[I7] Why do the Standard Rules sometimes use "- in to only" after embedded Inform 6 code, and do I need to use it when writing similar code?

While implementing a new action, I needed to convert some cases of a Standard Rules action to the new action. But the new action requires two nouns and the Standard Rules don’t have a “convert to” procedure for target actions requiring two nouns. So I had a look at how the Standard Rules convert to an action with one noun to see if I could adapt that to the case where the target action requires two nouns. The Standard Rules has the following code for converting to an action with one noun:

To convert to (AN - an action name) on (O - an object):
	(- return GVS_Convert({AN},{O},0); -) - in to only.

So to convert to an action with two nouns, it looks like I need to do something like this:

To convert to (AN - an action name) on (O1 - an object) and (O2 - an object):
	(- return GVS_Convert({AN},{O1},{O2}); -) - in to only.

I tried it, and it seems to work. But that “- in to only” after the embedded Inform 6 code is voodoo to me. I added it because the code that I wrote is similar to code in the Standard Rules that has it, but my code still seems to work when I remove it. Why do the Standard Rules use it? And is it something that I need to use when writing similar code?


It’s undocumented, so it’s not entirely clear – but from a little experimentation what it appears to be for is phrases that contain return statements (and thus ones that might terminate the current rule).

In particular, this code is accepted:

To do the thing:
	(- print 42; -).

To decide if you can do the thing:
	do the thing;
	decide no.

But substituting this causes the latter rule to be rejected, because it assumes do the thing can return in a way that isn’t valid for to decide:

To do the thing:
	(- print 42; -) - in to only.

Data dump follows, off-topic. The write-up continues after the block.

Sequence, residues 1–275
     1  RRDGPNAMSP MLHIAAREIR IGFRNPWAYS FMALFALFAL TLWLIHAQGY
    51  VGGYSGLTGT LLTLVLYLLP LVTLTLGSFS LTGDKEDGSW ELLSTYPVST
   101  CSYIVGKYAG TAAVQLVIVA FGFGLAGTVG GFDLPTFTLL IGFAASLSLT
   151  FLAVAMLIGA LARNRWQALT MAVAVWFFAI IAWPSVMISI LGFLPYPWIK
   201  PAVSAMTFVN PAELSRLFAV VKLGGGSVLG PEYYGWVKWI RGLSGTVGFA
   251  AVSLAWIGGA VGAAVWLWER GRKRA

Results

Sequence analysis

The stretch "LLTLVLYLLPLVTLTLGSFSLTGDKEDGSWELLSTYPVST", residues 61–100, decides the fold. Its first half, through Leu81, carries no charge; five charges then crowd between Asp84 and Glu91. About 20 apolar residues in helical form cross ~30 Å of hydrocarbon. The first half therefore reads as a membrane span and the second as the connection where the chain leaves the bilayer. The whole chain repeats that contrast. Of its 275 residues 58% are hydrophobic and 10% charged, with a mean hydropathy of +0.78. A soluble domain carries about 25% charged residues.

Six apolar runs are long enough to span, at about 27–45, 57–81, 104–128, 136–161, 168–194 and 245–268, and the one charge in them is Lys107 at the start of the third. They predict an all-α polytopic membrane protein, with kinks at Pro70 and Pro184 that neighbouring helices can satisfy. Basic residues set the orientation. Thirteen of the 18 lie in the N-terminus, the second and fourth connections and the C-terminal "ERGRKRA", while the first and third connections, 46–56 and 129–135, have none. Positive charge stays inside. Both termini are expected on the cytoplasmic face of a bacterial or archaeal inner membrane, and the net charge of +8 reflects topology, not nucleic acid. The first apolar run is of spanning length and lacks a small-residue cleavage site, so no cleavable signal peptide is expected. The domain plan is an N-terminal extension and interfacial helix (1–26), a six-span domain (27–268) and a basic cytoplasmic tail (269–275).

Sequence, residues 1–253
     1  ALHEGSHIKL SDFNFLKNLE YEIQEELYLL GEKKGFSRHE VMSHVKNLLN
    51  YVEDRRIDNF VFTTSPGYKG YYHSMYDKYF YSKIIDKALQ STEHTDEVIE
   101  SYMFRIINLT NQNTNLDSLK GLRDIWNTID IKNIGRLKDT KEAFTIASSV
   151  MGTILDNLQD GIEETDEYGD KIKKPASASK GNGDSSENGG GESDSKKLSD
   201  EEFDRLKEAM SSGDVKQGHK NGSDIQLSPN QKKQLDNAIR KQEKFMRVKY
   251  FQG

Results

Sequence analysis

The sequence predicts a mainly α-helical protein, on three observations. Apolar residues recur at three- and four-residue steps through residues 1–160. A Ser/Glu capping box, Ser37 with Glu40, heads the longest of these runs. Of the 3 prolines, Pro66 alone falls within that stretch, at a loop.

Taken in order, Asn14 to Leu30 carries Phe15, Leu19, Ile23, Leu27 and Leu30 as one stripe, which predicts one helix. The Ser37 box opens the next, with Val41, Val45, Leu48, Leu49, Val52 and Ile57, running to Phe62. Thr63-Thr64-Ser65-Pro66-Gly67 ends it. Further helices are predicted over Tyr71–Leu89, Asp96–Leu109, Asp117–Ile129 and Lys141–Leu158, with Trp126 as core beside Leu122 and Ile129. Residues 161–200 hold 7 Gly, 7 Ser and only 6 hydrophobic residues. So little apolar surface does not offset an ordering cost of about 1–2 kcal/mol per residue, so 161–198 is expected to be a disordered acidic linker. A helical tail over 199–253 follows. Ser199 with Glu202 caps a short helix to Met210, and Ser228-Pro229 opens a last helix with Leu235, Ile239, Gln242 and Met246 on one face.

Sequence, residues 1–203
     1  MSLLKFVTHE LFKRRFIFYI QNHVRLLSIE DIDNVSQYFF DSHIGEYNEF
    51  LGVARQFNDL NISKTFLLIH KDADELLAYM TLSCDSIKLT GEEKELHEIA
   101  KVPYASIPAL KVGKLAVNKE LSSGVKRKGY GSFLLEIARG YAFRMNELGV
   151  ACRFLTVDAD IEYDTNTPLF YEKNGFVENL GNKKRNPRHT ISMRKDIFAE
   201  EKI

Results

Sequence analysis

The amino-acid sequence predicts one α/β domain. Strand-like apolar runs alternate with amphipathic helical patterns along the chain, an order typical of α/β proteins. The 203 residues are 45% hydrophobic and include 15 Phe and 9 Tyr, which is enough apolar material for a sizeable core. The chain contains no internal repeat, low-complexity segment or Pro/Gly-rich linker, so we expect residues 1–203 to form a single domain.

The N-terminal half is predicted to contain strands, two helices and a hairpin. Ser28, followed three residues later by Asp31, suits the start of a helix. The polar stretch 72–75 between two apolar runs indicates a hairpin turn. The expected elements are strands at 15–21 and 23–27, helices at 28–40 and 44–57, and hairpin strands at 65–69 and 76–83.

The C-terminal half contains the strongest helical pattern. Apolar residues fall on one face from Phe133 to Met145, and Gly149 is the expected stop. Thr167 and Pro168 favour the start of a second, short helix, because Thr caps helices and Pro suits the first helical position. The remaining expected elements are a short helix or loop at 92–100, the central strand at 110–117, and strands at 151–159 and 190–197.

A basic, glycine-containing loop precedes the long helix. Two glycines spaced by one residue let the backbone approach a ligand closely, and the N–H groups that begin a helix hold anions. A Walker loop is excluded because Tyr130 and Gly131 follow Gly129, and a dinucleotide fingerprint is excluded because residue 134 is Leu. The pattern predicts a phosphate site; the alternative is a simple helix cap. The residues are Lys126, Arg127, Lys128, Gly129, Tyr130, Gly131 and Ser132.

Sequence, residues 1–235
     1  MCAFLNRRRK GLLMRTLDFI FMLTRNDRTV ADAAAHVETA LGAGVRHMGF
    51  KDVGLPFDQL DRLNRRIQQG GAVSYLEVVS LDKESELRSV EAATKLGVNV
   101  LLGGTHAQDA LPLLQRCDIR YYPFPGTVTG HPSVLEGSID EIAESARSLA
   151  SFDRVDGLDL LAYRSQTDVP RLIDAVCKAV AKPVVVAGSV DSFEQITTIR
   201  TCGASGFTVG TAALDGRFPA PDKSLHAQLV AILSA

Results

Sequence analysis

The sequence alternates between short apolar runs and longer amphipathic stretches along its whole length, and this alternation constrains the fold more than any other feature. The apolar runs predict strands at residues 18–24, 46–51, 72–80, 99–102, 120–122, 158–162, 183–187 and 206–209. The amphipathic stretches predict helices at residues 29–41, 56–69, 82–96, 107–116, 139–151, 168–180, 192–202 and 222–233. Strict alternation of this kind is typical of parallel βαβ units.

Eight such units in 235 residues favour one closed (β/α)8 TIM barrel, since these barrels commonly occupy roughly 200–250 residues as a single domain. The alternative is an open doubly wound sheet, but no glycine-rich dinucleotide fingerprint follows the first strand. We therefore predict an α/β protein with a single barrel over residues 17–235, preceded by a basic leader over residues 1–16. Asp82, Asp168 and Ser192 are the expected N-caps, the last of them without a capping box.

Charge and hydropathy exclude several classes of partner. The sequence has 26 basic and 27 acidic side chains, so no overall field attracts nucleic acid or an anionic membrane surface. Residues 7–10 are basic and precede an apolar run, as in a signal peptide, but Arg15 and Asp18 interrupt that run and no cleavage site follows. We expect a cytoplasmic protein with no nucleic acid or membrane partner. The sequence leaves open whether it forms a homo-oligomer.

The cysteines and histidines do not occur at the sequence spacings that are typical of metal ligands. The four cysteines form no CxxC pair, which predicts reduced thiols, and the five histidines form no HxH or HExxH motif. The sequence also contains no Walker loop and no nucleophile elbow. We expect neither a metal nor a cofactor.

Elsewhere in the Standard Rules the clause in to decide if only appears on some phrases that only make sense in to decide if rules, so that’s probably the opposite case.

In short, there’s probably no actual need to ever specify it on your custom rules, it’s just a bit of extra syntax sanity checking. Though again, these are just my guesses from reading this for the first time a few minutes ago, so perhaps I’m wrong. :slight_smile:


Although FWIW, while I haven’t tested this, you can probably accomplish the same thing as your new phrase by using the slightly more long-winded standard phrase:

convert to request of the player to perform AN with O1 and O2;

But I think it’s usually more common to just use nested actions via try instead:

try [the player] giving the harpoon to Captain Ahab instead;

The Standard Rules also use the formula “in to decide if only”. This seems to be a mechanism for restricting the contexts in which a phrase may be used without throwing an error. For instance, the phrase “decide no” is just defined as “return false”, but its use is permitted only in the context of “to decide if” rules.

I suspect that “in to only” really means something like “not in to decide if”. For instance, it appears in the definition of the phrase “continue the action”( which also turns out just to be “return false”). But that phrase is most likely to appear in an action rule, rather than a “to” rule. So it’s OK to use it there, but not within a “to decide if” rule (as Gavin’s example shows).

The compiler is a bit inconsistent about it.

To decide whether xyzzy:
	stop the action.

This produces an error message, which is the point. “Stop the action” compiles as the I6 line “return true”, but it’s confusing to use it this way.

Instead of jumping:
	decide yes.

This does not produce an error message, but arguably it should, “Decide yes” also compiles as “return true”, and using it this way is equally confusing.